‘It is not enough to proclaim it, we must put it into practice’: Feminist Discourse and Decolonization in Senegalese Artistic Production
On April 20, 2021, I gave a talk as part of Ohio University Center for International Studies’ Spring Research Colloquium on the intersection of feminist discourse and decolonization in Senegalese women’s artistic production. I focused primarily on four artists: Younousse Seye, Mariama Bâ, Sister Fa, and Mati Diop. I argued that Senegalese women artists have historically worked to decenter the West in their art and offer alternatives to Western frameworks of feminism. One implication of this research, which is a part of my dissertation work, is the tendency for discussions on the politics of art in Senegal to focus more on the work of male artists, such as Ousmane Sembène or Youssou Ndour, while ignoring that of Senegalese women. Given the history of political engagement from Senegalese women artists, this is an oversight that my work seeks to correct.
17th Annual UMass-Amherst Graduate History Association Conference (2021) Presentation (Panel: “Print Cultures of Colonialism and Political Power”)
On April 10, 2021, I presented a paper entitled “Revolutionary Pasts and Postcolonial Utopias: The Afrofuturist Texts of José Antonio Aponte, Martin Delany, and Abdourahman A. Waberi,” at the UMass-Amherst GHA Conference. This paper originated in a course on Afrofuturism in popular culture, taught Dr. Akil Houston at Ohio University. Using Ebony Elizabeth Thomas’ concept of the “dark fantastic” (2019) and my understanding of Afrofuturism 2.0 (Anderson and Jones, 2016), I examined three texts from the nineteenth and twenty-first centuries which depicted or discussed revolution and the creation of post-colonial utopias. The importance of this research has been to show how African and African Diaspora artists have imagined alternative pasts and futures for Africa and the Afro-Diaspora, particularly in visual art (Aponte) and literature (Delany and Waberi).
30th Annual British Commonwealth and Postcolonial Studies Conference (2021) Presentation (Session L, Panel 22)
On February 18, 2021, I presented a facet of my research on decolonization at the British Postcolonial Studies annual conference. Specifically, I examined how “decolonization” has been defined by various intellectuals, artists, and leaders in Africa and the Diaspora from the early twentieth century to the present. I argued that while the process of decolonization has been defined in many ways, there are five broad concerns that the majority of these definitions have: they are concerned with sovereignty, the “colonized mind” (to borrow from Ngugi), culture, gender, and the future. A key conclusion of this work is that decolonization ultimately calls for new forms of governance that represent a break with the colonial and neocolonial past and present. We must continue to critically engage with decolonization if the process is to succeed.
African Studies Association Conference (2020) Presentation (Panel XI-I-9)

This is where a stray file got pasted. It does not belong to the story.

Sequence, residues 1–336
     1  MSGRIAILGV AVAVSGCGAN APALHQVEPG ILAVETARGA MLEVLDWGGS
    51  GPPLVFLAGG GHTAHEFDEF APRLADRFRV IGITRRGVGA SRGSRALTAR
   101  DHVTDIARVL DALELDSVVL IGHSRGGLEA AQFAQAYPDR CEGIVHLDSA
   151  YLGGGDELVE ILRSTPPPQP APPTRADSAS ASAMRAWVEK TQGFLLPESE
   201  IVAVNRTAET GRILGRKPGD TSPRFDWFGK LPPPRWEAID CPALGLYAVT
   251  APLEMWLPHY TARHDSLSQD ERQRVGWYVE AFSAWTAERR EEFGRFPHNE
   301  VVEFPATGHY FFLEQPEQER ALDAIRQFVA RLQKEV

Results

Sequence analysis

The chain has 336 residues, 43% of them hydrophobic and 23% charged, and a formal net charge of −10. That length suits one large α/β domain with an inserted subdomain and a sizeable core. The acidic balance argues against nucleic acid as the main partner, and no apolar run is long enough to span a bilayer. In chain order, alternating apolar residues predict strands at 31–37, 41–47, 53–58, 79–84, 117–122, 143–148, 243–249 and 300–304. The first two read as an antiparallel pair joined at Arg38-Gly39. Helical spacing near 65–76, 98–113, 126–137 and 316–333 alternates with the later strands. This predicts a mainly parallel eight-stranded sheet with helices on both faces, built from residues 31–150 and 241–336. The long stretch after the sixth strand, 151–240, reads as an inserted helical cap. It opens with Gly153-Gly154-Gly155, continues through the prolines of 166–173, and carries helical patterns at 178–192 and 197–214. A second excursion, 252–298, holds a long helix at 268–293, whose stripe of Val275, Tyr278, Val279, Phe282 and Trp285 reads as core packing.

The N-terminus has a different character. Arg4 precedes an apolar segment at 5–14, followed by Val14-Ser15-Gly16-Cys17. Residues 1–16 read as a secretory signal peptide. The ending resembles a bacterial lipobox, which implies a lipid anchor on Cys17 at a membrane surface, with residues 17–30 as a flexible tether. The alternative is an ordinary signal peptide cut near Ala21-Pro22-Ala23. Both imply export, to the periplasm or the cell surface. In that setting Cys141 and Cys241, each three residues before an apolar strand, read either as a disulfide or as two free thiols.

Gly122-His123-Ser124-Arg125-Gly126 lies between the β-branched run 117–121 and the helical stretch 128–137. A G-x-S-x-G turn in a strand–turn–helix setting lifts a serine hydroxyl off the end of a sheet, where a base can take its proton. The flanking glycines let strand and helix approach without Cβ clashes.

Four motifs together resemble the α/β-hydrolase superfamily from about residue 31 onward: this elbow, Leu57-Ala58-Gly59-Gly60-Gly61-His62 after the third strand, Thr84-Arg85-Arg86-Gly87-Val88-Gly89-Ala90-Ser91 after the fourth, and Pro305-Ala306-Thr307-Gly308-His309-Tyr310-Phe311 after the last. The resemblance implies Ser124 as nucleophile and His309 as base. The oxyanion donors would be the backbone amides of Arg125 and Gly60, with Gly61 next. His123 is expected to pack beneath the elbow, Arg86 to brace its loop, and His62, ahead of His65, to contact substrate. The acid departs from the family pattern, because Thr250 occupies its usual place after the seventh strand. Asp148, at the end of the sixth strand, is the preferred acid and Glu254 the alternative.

On November 21, 2020, I presented part of my Master’s research on the intellectual thought of Thomas Sankara, former President of Burkina Faso (1983-1987), and the Martiniquais theorist Frantz Fanon at the African Studies Association’s annual conference. I argued that Sankara’s ideas relate particularly well to Fanon’s, particularly in their conception of the African Revolution. I concluded that Sankara’s continued popularity calls for a reexamination of his presidency. It is only through studying his time in power that we can better understand more contemporary movements that seek to claim his image.
The Politics of Memorialization in Africa
On November 19, 2020, I presented research on the politics of memorializing Patrice Lumumba & Thomas Sankara in Africa, as part of the Graduate Research Series at Ohio University Libraries. This research began during my undergrad at Miami University, as part of my Honor’s Thesis, and has expanded since I’ve come to OU. A link to the talk can be found here: “Patrice Lumumba, Thomas Sankara, and the Politics of Remembrance and Memorialization in Africa”
A critical argument I make: sources that are not the written archive, such as music and other oral sources, can’t be ignored by historians. I also echoed critiques brought by Raul Peck, who investigated the “dark spots” (the gaps) in the colonial archive, pointing to its curation by the former colonizers and the erasure of particular groups or individuals (an argument also made by Marisa Fuentes in “Dispossessed Lives” (2016)). Likewise, Tshibumba Matulu (the Congolese historian-painter, who told the nation’s history through painting) critiqued the Western method of writing history, which often ignored the common person’s point-of-view. Both Peck and Matulu offer new ways to view the archive & discuss how African history is often written from Western viewpoints.
Finally, the critical role of the artist in past & contemporary politics cannot be ignored. I point to the role of bands like l’African Jazz and their song “Indépendance Cha-Cha,” which praised contemporary politicians for their role in the independence movement. In a similar way, artists like Simon Kouka and Keur Gui challenged the Senegalese state in 2012 to assert democracy as part of the Y’en a marre movement.